It’s a shame, in a way, that Graham Greene brilliantly and decisively utilized the title A Burnt-Out Case for his 1960 novel about a hapless, wounded antihero whom passion and art have abandoned. The title would have been so perfect for an installment of Elizabeth Hand’s ongoing saga of Cassandra “Cass” Neary, burnt-out, middle-aged ex-punk photographer, who, in this second installment, after her debut in Generation Loss, finds herself again far from her comfortably sleazy New York digs and involved in shady doings in Helsinki and Reykjavik. After her previous scary outing in cold, provincial, and brutal Maine, you’d think she’d know enough to steer clear of northern climes. But that’s Cass: all guts and no instinct for self-preservation at all.
Of course, Hand’s crisp, emblematic, evocative titles are hardly shabby on their own merits. “Generation loss” refers to the degradation of information involved in multiple copies of any photo, and that’s what the reader symbolically gets with the first glimpse of Cass Neary’s life, which has deteriorated from its bright promise with each tedious passing year.
Having raced through her real but limited store of artistic talent in a candle-burning-at-both-ends existence during the late 1970s, Neary has coasted zombielike for nearly thirty years, reaching the age of forty-eight with no ambitions loftier than scoring her next handful of uppers and earning a small paycheck from the Strand Bookstore. But a botched journalistic assignment in Maine reawakens her to life. Tasked with interviewing the once-famous, now-reclusive woman on whom she modeled her own career, Neary instead stumbles into the arms of a serial killer and manages to save the life of his newest target, an adolescent girl much resembling a teenage Neary. Rescuing her own hopeful avatar from death, she herself receives a mild rejuvenation of spirit.
Hand’s pitch-perfect first-person voice for Neary brilliantly evokes a damaged soul who is her own worst enemy, working her mazed way through some kind of living purgatory. In her subtle yet thrilling first adventure, which equates pastoral with urban darkness, Neary comes off as an arrogant, snarling, mean-spirited, low-morality alley cat whom you nonetheless instinctively want to adopt, against your own better judgment.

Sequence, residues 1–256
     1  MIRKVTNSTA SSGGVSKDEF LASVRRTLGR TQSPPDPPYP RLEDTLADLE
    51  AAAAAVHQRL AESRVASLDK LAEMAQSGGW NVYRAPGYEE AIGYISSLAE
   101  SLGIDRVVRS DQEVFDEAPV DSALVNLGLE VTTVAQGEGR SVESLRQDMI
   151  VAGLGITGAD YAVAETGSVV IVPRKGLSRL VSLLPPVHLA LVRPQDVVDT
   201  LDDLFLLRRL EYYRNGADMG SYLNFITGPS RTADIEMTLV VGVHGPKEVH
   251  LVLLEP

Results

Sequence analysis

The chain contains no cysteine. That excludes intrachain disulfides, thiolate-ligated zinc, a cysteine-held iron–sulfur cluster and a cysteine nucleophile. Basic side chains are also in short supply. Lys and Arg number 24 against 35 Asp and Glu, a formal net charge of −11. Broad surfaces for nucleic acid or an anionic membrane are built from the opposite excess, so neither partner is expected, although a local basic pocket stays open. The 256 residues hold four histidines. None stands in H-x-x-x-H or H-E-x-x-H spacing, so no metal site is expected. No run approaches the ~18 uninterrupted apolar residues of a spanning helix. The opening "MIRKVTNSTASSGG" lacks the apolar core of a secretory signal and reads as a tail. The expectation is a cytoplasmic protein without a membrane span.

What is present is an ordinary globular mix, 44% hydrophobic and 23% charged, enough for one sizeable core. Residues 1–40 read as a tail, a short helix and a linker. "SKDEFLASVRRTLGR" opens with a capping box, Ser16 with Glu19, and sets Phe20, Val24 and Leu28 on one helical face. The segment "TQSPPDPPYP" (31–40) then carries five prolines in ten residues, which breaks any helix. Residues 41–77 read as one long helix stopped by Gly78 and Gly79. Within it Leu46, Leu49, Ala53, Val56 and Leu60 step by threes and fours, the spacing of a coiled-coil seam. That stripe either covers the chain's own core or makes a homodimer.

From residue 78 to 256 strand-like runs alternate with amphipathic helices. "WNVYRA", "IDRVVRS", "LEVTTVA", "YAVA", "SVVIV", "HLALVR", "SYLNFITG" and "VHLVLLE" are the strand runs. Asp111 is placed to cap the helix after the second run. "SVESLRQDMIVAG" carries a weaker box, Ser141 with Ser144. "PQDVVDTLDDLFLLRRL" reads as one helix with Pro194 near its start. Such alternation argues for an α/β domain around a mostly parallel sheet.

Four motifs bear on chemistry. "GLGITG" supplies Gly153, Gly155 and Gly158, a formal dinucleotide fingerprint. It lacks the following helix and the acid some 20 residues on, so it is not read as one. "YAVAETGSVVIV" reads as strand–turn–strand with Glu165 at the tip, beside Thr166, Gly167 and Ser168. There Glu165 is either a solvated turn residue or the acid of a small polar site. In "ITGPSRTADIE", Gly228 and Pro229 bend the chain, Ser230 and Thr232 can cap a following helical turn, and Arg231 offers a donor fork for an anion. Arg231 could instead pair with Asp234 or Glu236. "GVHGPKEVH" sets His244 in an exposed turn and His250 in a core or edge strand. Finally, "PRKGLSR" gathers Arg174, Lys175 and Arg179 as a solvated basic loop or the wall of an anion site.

Available Dark — the title plays on a photographer’s “available light,” the Scandinavian black metal genre, and the darkness in the human soul — picks up hard on the heels of its predecessor. Neary is freshly if uneasily back in her cocoon of indifference and self-loathing when she receives another job offer that brings her, all expenses paid, to Finland’s capital. There she must vet some photos for a rich man named Anton Bredahl. She fulfills her assignment and sets off for Iceland, where she has reason to suspect her only true love — a high school boyfriend named Quinn, whom she has not seen in thirty years — is resident. She finds Quinn and effects an uneasy reunion — but then people begin to turn up dead, and Quinn seems to be at the epicenter of the trouble.
Hand layers in the aforementioned death rock scene, Odin-based occultism, and gruesome elements of Scandinavian mythology to create a palpable sense of omnipresent menace in her keenly rendered locales, even when no overt threats are onstage. Moreover, Hand subtly dabs on the faintest trace of the supernatural, when it comes to describing Neary’s uncanny ability to sense the subliminal background reverberations from a photo. The ex-artist’s stubborn, questing consciousness, vividly limned, is the kind of perverse mentality that insists on peeling off scabs and tweaking rotten teeth with the tongue. But that’s almost by definition also the private eye’s modus operandi, and Neary gets the job done, despite her willful self-abuse.
Explaining the typical regional failings of her tribe, one of Quinn’s local companions tells Neary, “People fell in love with it — with hatred and death, darkness. Because there is beauty there, too, in the darkness…. Some people, they see that emptiness and need to fill it up with even greater darkness.”
Implacable beauty amid carnage and decay, waste and loss: that’s the potent allure of the Cass Neary novels and their aching, persistent heroine.
Paul Di Filippo’s column The Speculator appears monthly in the Barnes & Noble Review. He is the author of several acclaimed novels and story collections, including Fractal Paisleys, Little Doors, Neutrino Drag, and Fuzzy Dice.